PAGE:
Quiche is an incredibly rich and delicious appetizer, which you can turn into a meal if you want. It is a pastry crust filled with an eggy, cheesy, and decadently rich filling. The signature quiche ingredient is that each quiche variety must contain cheese. The cheese you need for quiche must be flavorful, but more importantly, it needs to melt well. Therefore Gruyere cheese is the cheese that does the best job here. However, the good news is that you easily substitute this cheese in quiche, as there are other cheeses with similar melting properties. So, what are the best Gruyere cheese substitutes for quiche?
Ementaler cheese, Feta, Cheddar, Comte, Monterey Jack, Mozzarella, Mascarpone, Raclette, Jarlsberg, and goat cheese are all excellent substitutes for Gruyere cheese in quiche.
Since Gruyere is not so widely available cheese, chances are you will not have it in your fridge whenever you want to treat yourself to some quiche. So, to help you enjoy yourself and make that quiche you have been craving, I will give you some ideas on gruyere substitutes for quiche in the following paragraphs.
Gruyere Substitutes for Quiche
The one thing you need to look for in a Gruyere cheese substitute in quiche is that it melts well. Still, no two pieces of cheese are identical, so if you don’t mind a few cheese chunks in an otherwise creamy cheese consistency, you don’t have to worry, even if your cheese doesn’t get completely creamy. If you like it smooth and silky, you can always use heavy cream or butter to help the cheese melt all the way.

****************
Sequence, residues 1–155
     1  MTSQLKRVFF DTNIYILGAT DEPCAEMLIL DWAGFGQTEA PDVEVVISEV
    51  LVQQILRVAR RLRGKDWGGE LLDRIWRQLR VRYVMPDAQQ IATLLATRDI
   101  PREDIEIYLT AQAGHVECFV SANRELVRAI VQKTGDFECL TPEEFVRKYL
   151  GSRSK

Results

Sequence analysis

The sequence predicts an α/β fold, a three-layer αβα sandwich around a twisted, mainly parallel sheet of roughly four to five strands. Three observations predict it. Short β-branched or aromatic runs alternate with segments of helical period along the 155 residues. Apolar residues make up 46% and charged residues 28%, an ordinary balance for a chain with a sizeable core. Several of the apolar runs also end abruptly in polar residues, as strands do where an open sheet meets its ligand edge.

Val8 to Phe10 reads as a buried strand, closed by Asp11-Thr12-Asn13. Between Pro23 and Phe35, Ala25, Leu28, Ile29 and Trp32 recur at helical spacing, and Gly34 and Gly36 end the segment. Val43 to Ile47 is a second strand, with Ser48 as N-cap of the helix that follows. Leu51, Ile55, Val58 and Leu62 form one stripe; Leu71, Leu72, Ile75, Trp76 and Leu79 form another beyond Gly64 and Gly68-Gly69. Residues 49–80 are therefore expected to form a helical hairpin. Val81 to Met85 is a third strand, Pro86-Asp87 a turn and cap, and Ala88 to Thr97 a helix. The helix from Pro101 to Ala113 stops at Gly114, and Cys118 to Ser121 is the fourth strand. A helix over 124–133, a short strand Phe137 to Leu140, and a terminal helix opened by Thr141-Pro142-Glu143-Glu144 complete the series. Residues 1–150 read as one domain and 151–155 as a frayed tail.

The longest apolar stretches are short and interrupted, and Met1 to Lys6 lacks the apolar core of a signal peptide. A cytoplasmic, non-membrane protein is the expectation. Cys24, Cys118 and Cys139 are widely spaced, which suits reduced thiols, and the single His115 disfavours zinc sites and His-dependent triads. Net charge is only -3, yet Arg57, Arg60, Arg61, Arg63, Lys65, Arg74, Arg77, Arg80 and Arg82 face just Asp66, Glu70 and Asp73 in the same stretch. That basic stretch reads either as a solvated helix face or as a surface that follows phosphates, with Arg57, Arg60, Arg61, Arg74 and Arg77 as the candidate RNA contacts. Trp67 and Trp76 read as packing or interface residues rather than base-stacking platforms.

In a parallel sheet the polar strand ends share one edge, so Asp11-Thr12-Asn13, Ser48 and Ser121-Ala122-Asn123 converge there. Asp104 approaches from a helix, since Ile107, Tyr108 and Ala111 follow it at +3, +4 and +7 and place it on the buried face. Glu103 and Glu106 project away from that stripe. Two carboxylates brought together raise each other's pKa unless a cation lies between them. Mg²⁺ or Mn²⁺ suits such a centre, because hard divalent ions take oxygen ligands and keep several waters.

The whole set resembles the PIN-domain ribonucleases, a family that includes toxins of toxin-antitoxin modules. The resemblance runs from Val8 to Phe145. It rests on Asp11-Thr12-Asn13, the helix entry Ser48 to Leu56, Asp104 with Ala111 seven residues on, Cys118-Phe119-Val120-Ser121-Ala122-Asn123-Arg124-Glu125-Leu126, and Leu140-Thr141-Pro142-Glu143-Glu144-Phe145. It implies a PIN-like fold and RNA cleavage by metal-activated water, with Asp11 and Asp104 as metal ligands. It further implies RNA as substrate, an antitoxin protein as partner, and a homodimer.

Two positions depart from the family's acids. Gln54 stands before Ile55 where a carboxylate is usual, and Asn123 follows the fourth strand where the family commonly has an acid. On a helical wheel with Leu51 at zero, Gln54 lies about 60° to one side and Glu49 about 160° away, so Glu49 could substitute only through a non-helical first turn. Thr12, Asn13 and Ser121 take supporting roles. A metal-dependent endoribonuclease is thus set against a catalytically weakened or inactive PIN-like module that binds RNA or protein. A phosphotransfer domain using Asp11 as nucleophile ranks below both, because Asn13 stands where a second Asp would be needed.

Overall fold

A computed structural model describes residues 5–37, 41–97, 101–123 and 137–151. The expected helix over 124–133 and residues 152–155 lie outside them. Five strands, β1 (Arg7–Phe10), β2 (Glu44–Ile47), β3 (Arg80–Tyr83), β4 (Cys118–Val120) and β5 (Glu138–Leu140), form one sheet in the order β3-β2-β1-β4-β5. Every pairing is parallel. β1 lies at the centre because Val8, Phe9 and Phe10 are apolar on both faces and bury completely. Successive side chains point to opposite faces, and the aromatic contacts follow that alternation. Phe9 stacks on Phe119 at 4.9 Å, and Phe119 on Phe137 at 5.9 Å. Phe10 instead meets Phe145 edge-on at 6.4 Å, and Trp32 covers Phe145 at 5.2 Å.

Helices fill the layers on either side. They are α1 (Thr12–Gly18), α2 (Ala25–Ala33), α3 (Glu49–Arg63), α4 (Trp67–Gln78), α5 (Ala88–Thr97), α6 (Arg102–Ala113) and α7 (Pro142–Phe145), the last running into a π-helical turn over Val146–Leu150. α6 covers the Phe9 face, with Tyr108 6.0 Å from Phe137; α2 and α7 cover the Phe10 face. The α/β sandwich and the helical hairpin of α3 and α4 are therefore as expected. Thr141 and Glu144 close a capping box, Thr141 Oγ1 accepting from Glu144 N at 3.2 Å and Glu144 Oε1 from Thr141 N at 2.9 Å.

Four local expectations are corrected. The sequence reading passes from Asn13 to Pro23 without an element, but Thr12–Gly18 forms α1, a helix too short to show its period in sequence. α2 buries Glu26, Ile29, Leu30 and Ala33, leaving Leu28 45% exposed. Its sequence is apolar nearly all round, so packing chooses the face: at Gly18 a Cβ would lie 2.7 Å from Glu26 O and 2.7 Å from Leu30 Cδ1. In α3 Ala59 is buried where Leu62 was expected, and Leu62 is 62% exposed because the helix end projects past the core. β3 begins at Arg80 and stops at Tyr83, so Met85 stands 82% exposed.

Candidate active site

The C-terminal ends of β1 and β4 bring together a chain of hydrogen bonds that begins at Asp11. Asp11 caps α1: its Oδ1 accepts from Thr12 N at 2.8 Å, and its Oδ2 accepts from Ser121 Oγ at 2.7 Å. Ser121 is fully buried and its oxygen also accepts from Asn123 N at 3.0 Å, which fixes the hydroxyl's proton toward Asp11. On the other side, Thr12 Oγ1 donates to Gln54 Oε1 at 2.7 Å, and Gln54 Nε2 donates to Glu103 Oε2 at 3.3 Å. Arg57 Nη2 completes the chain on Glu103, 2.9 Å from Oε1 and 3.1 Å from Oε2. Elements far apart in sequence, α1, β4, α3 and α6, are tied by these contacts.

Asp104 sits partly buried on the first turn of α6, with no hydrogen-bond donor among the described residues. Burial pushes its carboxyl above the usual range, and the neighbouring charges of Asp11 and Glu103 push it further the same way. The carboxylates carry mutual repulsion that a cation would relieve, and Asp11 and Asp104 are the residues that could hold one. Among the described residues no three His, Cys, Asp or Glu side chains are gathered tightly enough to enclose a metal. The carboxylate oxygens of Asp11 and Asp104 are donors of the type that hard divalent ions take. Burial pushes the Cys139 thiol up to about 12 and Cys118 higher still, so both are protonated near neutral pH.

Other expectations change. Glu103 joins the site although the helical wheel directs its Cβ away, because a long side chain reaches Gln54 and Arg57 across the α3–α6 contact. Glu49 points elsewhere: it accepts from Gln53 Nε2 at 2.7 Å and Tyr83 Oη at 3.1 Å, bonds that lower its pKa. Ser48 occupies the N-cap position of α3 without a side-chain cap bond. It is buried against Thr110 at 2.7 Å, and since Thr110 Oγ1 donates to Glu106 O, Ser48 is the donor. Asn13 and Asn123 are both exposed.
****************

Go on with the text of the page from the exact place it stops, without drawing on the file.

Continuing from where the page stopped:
Each cheese substitute brings its own magic to the table, so don’t expect your quiche to taste the same with Mozzarella as it would with Gruyere. Still, when it comes to food and cooking, differences and experimentation are always welcomed, so you will, by all means, get a tasty result.
Emmentaler cheese is known as the best substitute for gruyere cheese, not only for quiche but for fondue and other cheese-containing recipes calling for Gruyere.
Made of cow’s milk, Emmentaler cheese is firm and stable but melts very nicely, leaving an incredibly flavorful sensation. Since quiche is a dish that can also be served cold, the melted and then hardened Emmentaler cheese will become even more flavorful than before.
Healthy, light, and tasty, Feta is an incredibly good substitute for many cheese types, not only Gruyere cheese. The consistency and quality characteristics of the feta cheese make it very easy to combine with many flavors, the exquisite quiche flavor among them.
The Feta cheese is solid on the outside but still with a certain softness and elasticity, making it perfect for melting. It could happen, though, to get a few chunks of Feta in your quiche, but it’s nothing a little heavy cream can’t fix if you mind the chunks in the first place.
Cheddar is a cheese famous for melting perfectly. It stays compact without chunks or lumps, and it tastes incredibly delicious. Therefore, it is no wonder Cheddar deserved a place on this list.
Cheddar does an excellent job adding creaminess and flavor as a Gruyere substitute in quiche. Even though Cheddar is a bit less flavorful than gruyere cheese, it still has a lot of other qualities you can and should praise for.
Its silkiness, richness, and smoothness are not to be underestimated, as well as its fullness in terms of its perfectly balanced flavor.